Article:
To fight crime, focus crime control where it counts, not on useless declarations of gun violence emergencies.
Nearly all the nine candidates running for the Democratic nomination to be mayor of Philadelphia say they will declare a state of emergency over gun violence if elected, following a nationwide trend. Although declaring an emergency will sound good to voters, these exercises only waste time, money, and, most tragically, human lives.
In July 2021, then-Gov. Andrew Cuomo of New York declared a gun-violence emergency, promising to fight firearms crimes by a variety of measures such as a gun-violence prevention office in the state’s Department of Health, $57 million on summer job programs for at-risk youth, requiring local police departments to provide incident-level data on shootings, and greater efforts to stop the inflow of out-of-state firearms.
One year later, New York City’s crime rate was 31 percent higher than when Cuomo declared the emergency. In fact, there were 34 percent more murders, grand larcenies were up 41 percent, and robberies had risen by 37 percent.
An emergency requires immediate care. By that measure, Cuomo’s plan failed.
Declaration of a citywide or statewide emergency is bound to disappoint because of a lack of focus. Like Cuomo’s plan, most of the emergency responses across the country are mishmashes of potentially useful things the government should already have been doing plus a large amount of feel-good activities designed to show concern and to attack crime without getting criminals off the streets. A politician’s first response to any problem is to throw someone else’s money at it.
Moreover, declaring a gun-violence emergency reflects a failure to define the problem properly. The rise in gun violence is in large part a direct result of actions by state and local governments in the past half-dozen years, and a refusal to acknowledge that crime is an intensely local problem, not nearly as widespread as politicians and the media make it seem.
The government policies that brought on the crime wave are obvious to everyone except the politicians who want to ignore them. The defund the police movement, infiltration of criminal-coddling district attorneys and prosecutors financed by leftist billionaire George Soros, the de-incarceration movement, the shortage of police officers in the wake of the mass protests and public vilification of police since the summer of 2020, and other such policies have decreased the risk that criminal activity will bring negative consequences to the perpetrators. Like everybody, potential criminals respond to incentives and avoid risks. Lowering the risks to criminals raises the risks for everybody else.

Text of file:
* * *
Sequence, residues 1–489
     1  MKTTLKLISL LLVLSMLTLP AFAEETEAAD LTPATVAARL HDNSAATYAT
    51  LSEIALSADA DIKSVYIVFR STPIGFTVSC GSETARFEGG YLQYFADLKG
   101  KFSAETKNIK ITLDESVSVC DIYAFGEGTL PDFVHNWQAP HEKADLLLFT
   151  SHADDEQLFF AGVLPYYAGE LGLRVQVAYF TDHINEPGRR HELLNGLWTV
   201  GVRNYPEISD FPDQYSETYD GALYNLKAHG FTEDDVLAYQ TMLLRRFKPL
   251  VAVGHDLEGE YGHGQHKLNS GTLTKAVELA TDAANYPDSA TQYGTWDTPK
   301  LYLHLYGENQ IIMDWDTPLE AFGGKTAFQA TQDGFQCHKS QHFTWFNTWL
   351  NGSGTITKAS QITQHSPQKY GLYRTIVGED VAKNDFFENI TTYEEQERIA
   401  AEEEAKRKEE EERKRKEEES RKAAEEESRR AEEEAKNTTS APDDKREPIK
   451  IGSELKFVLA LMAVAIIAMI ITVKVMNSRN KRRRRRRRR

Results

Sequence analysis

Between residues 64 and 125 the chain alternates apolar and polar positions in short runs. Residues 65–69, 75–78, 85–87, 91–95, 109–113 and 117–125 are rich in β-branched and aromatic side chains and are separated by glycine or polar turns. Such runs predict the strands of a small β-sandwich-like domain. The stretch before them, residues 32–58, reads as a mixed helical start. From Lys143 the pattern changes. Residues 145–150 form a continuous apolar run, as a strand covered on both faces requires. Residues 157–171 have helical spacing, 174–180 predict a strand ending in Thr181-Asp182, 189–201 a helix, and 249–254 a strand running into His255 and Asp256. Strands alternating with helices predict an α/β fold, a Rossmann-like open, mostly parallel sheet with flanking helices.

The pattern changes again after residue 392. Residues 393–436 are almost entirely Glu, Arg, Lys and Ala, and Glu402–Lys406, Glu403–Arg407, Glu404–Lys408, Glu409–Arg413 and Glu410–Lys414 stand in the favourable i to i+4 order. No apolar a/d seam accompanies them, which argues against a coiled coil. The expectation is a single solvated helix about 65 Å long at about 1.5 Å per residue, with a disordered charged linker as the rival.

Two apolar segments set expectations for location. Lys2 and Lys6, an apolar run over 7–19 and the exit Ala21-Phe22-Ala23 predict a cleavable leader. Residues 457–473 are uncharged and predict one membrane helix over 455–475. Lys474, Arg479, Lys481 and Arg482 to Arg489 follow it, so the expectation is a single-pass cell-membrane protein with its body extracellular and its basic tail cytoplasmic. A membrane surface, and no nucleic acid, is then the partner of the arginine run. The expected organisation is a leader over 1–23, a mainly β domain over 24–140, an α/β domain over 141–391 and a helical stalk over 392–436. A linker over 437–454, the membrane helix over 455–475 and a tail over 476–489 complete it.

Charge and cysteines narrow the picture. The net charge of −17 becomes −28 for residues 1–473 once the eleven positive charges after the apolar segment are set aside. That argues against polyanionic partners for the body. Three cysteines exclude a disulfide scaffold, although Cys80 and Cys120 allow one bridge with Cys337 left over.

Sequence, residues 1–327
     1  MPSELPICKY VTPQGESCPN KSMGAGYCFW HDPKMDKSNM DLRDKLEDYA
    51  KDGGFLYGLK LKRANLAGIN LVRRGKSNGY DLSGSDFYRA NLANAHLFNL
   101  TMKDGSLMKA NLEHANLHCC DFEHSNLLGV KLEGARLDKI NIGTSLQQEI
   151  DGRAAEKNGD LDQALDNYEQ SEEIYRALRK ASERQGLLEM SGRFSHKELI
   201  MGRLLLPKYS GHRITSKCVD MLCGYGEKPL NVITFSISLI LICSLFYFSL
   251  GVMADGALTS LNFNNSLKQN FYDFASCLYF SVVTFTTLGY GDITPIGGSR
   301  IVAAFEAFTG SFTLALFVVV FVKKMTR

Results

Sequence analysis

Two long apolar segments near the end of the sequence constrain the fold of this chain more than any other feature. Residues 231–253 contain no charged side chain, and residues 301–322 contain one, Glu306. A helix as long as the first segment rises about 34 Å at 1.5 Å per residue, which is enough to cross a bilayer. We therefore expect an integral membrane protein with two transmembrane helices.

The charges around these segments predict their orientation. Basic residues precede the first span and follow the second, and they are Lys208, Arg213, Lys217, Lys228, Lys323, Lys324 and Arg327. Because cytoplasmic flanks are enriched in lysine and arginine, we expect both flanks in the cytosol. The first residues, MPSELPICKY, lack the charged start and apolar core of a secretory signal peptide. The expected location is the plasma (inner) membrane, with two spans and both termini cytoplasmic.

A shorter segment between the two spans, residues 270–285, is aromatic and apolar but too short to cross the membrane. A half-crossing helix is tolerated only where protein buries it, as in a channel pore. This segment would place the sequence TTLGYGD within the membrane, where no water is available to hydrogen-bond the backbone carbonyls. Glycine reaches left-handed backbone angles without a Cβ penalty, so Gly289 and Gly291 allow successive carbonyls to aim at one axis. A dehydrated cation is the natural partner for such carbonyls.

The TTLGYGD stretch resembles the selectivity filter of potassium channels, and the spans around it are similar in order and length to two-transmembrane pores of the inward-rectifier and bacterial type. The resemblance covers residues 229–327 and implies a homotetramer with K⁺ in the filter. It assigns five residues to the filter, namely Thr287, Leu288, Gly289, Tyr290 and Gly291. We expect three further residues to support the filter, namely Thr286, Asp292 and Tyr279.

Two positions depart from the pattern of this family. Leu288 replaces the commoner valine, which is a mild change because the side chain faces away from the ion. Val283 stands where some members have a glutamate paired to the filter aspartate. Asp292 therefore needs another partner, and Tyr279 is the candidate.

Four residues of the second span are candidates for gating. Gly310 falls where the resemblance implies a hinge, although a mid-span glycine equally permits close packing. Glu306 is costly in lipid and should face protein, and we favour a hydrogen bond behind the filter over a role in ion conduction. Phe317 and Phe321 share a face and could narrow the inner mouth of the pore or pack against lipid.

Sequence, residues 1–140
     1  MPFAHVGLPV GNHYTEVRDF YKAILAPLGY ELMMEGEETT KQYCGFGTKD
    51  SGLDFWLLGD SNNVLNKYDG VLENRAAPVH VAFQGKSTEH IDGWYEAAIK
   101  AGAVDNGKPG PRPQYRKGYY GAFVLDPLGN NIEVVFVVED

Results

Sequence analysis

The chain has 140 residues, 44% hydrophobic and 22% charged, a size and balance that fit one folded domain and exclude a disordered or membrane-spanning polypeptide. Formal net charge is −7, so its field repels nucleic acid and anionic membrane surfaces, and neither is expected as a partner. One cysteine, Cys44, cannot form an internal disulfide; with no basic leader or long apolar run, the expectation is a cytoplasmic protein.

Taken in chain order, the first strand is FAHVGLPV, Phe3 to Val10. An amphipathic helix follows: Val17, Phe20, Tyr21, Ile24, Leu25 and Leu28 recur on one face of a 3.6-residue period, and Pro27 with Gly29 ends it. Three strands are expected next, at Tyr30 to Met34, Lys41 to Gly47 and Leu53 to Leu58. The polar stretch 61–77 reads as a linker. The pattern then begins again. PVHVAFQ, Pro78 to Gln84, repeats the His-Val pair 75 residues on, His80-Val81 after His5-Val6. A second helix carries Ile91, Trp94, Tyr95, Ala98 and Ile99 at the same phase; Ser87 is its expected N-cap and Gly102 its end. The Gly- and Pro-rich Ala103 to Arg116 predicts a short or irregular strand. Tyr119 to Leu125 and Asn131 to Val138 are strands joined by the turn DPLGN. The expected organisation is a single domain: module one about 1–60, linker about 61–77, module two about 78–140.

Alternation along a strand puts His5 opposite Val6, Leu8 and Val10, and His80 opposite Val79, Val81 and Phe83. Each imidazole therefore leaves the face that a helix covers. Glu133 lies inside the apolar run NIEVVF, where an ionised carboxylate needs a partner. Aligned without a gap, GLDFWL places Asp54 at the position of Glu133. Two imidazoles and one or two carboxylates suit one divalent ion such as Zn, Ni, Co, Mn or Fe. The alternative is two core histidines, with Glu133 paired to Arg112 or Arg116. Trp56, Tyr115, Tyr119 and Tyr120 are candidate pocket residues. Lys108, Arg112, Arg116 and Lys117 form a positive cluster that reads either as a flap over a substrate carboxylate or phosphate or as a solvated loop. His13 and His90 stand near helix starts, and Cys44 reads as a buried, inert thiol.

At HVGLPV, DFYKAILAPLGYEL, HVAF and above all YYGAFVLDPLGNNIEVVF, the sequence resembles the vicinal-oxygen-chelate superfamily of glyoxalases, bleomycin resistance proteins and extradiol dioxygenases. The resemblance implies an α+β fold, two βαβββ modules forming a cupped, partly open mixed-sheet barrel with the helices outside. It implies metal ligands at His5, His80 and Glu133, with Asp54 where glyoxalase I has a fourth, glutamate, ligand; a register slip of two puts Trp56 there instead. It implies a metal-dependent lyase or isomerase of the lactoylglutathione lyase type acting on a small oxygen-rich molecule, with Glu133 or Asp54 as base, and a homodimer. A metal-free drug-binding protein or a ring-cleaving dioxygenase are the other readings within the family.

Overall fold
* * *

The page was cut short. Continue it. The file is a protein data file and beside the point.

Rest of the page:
Undoing those bad decisions is essential. Lawmakers should give police sufficient funding to improve recruitment and training, while rooting out any bad apples. State governments must remove rogue prosecutors who blithely let violent criminals run free. Prosecutors and judges should require bail before releasing plausibly accused people back onto the streets, and state and local laws should mandate they do so. People behind bars cannot commit crimes against the public, and the choice to set offenders free has consequences.
The other major reason why these broad-brush emergency declarations won’t work is that not everybody is equally vulnerable to crime or identically likely to break the law. John Lott of the Crime Prevention Research Center notes, “The worst 5% of [U.S.] counties contain 47% of the population and account for 73% of murders. But even within those counties, the murders are very heavily concentrated in small areas.” The division of the nation into very safe places and very dangerous ones is intensifying. “This concentration of murders is the highest in over a decade,” Lott observes.
In addition to destroying the quality of life in those urban neighborhoods, the increasing concentration of crime means geographically focused efforts can have a very high payoff. It also suggests the purportedly compassionate crime policies of politicians and prosecutors have had their worst effects in a small number of locations. Lawmakers who want to reduce the number of murders and other violent crimes should focus their efforts where the great majority of killings and assaults take place. Protecting people from crime requires attention to the vulnerable neighborhoods, not the healthy ones.
Such targeted increases in arrests and imprisonment are likely to have a disparate effect on various ethnic groups, which will understandably bring complaints from activists. The restoration of order, however, will benefit law-abiding people who are drawn largely from those very same ethnic groups. Sympathy for the innocent should be more important than bean-counting. Lawmakers and opinion leaders must make clear their determination to do right by all their constituents regardless of backlash from activists and the press.
Declarations of gun-violence emergencies may feel good, but they are doomed to fail. It will require real courage for policymakers to choose a serious response, which means identifying the vulnerable areas in their jurisdictions and concentrating on making them safe. Right now, the real courage is displayed by those who walk those streets knowing that the government is failing in its duty to protect them.
S. T. Karnick is a senior fellow and director of publications for The Heartland Institute, where he edits Heartland Daily News.
Originally published by Human Events. Republished by permission.
For more Rights, Justice, and Culture News.